Chelsea owner Todd Boehly might have spent more than £1billion since taking over the club but the Blues aren’t considered the richest club in London. In a development that will frustrate fans at Stamford Bridge, they have been surpassed in wealth by rivals Tottenham Hotspur due to their new stadium.
The club played their first competitive game at the 62,000-seater arena in April 2019, having temporarily used Wembley Stadium after moving out of White Hart Lane. And since then, the venue has been home to considerably more than just football.
Guns N’ Roses, Beyonce, Pink, and Lady Gaga have all held multiple concerts at the stadium, which has also hosted NFL games. And in May, both the EPCR Challenge Cup and Investec Champions Cup rugby union finals are also scheduled to take place there.
And according to the latest Deliotte Football Money League, the extra revenue has helped elevate Spurs to the status of eighth richest club in the world. Under Daniel Levy, they generated £549.2million last season, despite not playing Champions League football.
Sam Boor, a director in Deloitte’s Sport Business Group, directly attributed the stadium to Tottenham’s rise in value. “A huge reason for Tottenham’s growth is the club being able to fully leverage and monetise the stadium, both in terms of the match-day income and the commercial activities,” he said.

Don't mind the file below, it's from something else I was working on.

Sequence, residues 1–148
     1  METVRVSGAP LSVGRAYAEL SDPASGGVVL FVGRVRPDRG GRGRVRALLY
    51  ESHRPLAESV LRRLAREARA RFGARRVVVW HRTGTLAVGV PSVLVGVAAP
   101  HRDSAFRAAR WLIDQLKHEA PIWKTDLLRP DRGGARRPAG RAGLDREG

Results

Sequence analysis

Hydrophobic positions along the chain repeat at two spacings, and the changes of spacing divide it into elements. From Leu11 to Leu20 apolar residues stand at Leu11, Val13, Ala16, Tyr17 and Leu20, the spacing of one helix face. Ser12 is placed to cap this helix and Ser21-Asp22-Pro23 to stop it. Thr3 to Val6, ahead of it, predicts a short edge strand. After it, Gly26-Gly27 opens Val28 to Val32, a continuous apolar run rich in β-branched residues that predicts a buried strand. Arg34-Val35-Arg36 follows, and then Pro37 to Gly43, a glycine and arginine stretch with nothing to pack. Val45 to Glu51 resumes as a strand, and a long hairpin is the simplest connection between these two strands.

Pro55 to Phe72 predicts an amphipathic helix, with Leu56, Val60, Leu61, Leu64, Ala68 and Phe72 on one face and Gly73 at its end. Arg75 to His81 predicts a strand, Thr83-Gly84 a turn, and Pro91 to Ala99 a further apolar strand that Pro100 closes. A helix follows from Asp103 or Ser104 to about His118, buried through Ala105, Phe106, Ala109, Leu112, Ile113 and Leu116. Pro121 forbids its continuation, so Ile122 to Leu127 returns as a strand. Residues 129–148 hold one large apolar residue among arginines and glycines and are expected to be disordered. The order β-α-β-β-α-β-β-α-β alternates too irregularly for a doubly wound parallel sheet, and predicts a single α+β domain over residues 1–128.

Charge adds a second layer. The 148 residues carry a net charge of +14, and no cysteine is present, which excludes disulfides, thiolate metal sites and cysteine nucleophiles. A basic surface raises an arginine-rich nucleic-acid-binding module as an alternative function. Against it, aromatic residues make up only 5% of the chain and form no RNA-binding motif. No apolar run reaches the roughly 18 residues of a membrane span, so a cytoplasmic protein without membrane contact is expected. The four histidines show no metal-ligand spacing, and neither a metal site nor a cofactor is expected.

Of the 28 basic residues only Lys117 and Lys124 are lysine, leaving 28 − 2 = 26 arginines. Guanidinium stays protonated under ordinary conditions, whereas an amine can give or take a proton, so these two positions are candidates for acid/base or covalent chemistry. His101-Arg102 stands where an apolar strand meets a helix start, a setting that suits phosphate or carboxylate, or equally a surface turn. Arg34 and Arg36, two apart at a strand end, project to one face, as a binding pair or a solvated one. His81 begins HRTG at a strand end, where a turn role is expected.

The venue also boasts more than 60 food and drink outlets in a bid to produce a ‘vibrant’ street food scene. Tourist attractions like stadium tours and the Dare Skywalk’ have also increased income.
Chelsea are now down into ninth place with revenue of £512.5m, with London rivals Arsenal a place further back with £463.1m. All three Premier League sides trail in the wake of leaders Real Madrid though, who top the list with £710m.
Manchester City are second on £705.6m, a figure undoubtedly boosted by them winning the FA Cup, Premier League and Champions League. Paris Saint-Germain, Barcelona and Manchester United make up the remainder of the top five.
Despite the financial boost, Levy continues to be criticised by sections of the Tottenham fan base for the lack of trophies during his tenure. Having taken over in 2001, the 2008 League Cup win – ironically over Chelsea – signifies the only silverware during his reign.